Creative Team Building and Leadership Resources - In our Elements

Calling All Workers

Sunday, June 23rd, 2013

Fellow Passengers: This week’s Prophetic Passage* (Isaiah 58) transports me to the Facebook newsfeed, where someone this week posted a short little video aiming to show why church and vocational ministry are important. I clicked on it because the video was a creation by Tim Otto, one of the New Monastics, a group/movement that interests me in the way they are attracting the next generation to practices of prayer and social justice. The video was creatively done, with artwork by Troy Terpstra illustrating the various points Otto was making. The message, though, was not so creative. The main point was that God doesn’t call people to regular jobs, or at least there’s no evidence of God calling people to regular jobs in the holy writ, and if you’re a sola scriptura person, if it ain’t in the writ, it ain’t right. Otto catalogs some of the callings that the Bible does reveal – callings to eternal life, to fellowship with Jesus, callings out of darkness into light. But, he argues, no one ever gets called to a job outside the church. Paul’s calling is to be an apostle and missionary; tentmaking is his “waiter gig” a la the starving artist or wannabe actor. In the Old Testament, Otto argues, people are called to be priests and prophets and kings, but no one ever gets called to a job outside of the jobs dedicated to building up God’s people.

Now, as much as I support vocational ministry within the institutional church and as much as I want to encourage young people to consider seminary, I found myself getting downright perturbed at this particular message. What does he mean there are no callings other than religious callings in the Bible? Has he not read the prophets? Today’s passage is a prime example of the prophet giving voice to God’s call for all sorts of work that doesn’t necessarily take place in the institutional faith community – in fact, the various jobs outlined by Isaiah are laid out as the more authentic calling. Here’s the vocation acceptable to God, Isaiah says. Feed the hungry. Clothe the naked. Liberate the oppressed. House the homeless. Heal the afflicted. And do it all through a justice approach, not simply with individual charity. These callings, similar to Jesus’ callings to meet the needs of the most vulnerable in society, all necessitate a wide range of jobs. It takes a lot of people doing a lot of different jobs to get food from farm to fork so hungry people can eat. It takes a lot of workers in a lot of occupations getting fibers from cotton field to closet so the naked will have clothes to wear. Same for housing. Same for health care. The calling, it seems to me, is to do all these jobs with a justice focus on behalf of the most vulnerable in society. And the setting for that call is found in a plethora of professions and jobs and career paths and occupations. The hungry and the naked and the homeless are going to be out of luck if they have to rely solely on priests and prophets to equip them for a sustainable life.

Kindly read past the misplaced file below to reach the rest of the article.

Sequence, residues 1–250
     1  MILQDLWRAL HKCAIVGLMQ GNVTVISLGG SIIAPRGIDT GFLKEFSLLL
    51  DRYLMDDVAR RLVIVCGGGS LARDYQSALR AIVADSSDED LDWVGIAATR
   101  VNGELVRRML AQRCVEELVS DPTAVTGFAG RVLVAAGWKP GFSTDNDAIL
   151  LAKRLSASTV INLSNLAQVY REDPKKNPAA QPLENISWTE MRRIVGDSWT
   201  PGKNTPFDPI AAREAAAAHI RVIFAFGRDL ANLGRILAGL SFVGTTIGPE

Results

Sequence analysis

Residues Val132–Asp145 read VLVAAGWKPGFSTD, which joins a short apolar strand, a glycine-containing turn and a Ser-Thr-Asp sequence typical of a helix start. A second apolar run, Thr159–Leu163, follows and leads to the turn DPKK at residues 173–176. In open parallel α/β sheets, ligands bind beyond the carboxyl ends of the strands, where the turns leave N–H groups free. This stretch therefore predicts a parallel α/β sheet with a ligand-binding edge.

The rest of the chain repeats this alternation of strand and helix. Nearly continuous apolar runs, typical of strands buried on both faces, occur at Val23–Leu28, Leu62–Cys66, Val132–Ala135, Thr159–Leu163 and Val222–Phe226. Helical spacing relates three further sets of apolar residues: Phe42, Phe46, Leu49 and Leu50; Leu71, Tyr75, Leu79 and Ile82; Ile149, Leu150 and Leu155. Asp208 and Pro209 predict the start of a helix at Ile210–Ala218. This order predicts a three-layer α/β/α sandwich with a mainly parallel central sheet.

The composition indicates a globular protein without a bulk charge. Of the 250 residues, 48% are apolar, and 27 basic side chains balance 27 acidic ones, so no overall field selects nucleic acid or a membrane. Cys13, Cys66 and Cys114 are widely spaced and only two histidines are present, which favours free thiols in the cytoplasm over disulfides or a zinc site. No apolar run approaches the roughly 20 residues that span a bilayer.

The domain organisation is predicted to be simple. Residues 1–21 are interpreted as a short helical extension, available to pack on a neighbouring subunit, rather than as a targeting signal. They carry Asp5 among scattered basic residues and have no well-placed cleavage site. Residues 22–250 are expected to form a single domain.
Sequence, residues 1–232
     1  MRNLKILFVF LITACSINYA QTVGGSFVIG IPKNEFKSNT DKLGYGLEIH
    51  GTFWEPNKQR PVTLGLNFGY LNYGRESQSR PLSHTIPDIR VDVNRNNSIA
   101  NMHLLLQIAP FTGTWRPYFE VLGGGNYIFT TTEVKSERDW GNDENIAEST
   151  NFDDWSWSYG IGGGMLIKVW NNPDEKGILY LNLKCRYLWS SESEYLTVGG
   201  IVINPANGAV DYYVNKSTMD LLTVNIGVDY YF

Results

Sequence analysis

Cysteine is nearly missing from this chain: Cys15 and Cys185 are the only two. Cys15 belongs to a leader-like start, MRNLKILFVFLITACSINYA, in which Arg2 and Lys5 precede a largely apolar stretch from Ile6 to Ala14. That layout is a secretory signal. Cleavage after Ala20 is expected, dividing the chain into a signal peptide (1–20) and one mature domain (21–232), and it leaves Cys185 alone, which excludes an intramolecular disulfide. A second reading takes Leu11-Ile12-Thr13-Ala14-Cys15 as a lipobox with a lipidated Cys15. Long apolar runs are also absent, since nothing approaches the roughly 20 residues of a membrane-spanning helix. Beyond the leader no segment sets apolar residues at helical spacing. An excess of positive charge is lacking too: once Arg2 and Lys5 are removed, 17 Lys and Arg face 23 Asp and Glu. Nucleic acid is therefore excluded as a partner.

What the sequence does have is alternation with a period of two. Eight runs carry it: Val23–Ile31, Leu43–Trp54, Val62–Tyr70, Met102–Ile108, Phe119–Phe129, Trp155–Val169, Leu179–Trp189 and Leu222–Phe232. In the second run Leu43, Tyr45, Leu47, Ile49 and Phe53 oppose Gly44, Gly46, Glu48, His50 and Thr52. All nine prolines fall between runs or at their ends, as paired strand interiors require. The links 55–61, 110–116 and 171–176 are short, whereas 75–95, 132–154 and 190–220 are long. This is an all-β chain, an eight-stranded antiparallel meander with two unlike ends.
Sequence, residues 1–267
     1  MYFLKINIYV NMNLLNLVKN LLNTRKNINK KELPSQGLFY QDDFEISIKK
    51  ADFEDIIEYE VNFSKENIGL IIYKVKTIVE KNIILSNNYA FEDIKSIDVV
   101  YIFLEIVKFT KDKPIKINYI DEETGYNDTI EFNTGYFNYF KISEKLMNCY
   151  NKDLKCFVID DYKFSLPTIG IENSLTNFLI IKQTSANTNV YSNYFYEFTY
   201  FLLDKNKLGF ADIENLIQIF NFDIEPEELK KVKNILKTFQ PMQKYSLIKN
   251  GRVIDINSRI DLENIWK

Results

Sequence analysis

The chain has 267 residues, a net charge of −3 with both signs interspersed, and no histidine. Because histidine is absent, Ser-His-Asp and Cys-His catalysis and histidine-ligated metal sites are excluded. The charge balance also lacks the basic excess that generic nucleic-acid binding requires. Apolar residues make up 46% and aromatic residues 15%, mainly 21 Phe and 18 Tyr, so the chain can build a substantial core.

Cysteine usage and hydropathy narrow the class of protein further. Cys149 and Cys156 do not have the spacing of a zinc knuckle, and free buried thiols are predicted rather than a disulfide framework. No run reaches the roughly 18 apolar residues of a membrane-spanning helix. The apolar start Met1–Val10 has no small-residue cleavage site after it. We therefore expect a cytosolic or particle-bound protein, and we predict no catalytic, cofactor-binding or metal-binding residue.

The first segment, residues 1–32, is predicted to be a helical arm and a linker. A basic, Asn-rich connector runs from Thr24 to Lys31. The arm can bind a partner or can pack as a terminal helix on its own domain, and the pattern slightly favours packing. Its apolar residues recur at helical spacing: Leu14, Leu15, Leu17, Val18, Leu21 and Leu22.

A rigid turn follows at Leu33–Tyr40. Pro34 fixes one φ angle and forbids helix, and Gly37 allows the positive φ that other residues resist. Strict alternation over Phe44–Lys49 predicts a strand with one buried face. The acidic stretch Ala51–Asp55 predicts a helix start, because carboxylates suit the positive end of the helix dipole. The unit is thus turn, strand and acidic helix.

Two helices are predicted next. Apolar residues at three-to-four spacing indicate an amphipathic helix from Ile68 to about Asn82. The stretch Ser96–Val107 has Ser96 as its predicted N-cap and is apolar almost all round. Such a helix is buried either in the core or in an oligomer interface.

I think this particular YouTube message is an anomaly within the New Monastic Movement. At least I hope so. From all I’ve read and heard, they are engaging in what monasticism has always been good at – making the connections between prayer and praxis, between the vocational ministries that take place in the context of the institutional church and the vocational ministries that take place in the context of secular society. At its best, monasticism honors the sense of vocation described by Frederich Beuchner, when he said you could define your calling as that place where your deep gladness meets the world’s deep hunger. It’s the ideal of Martin Luther King, who famously said, If a man is called to be a street sweeper, he should sweep streets even as Michaelangelo painted, or Beethoven composed music or Shakespeare wrote poetry. He should sweep streets so well that all the hosts of heaven and earth will pause to say, ‘Here lived a great street sweeper who did his job well.’ Such a philosophy of vocation doesn’t in any way diminish the importance of the church or vocational ministry. The Church, in this vision, becomes a community of vocational ministers, some of whom devote their professional lives to prayer and proclamation and pastoral care, some of whom spend their time farming, some of whom spend their time hammering nails, some of whom spend their time weaving fabric, some of whom spend their time binding wounds, some of whom spend their time lobbying and organizing for social justice, some of whom spend their time painting or composing or scribbling down sonnets, and some of whom spend their time preserving public health by sweeping the streets. I’d love to see a YouTube video of this ideal, illustrated by a vocational artist like Troy Terpstra.

How about you? Where does this Prophetic Passage take you on your journey of faith? Feel free to comment, and share with friends on Facebook, Google+, Twitter, email, etc.



  • June 24, 2013 at 9:28 pm

    Amen. And amen.

    Comment by Ken Sehested

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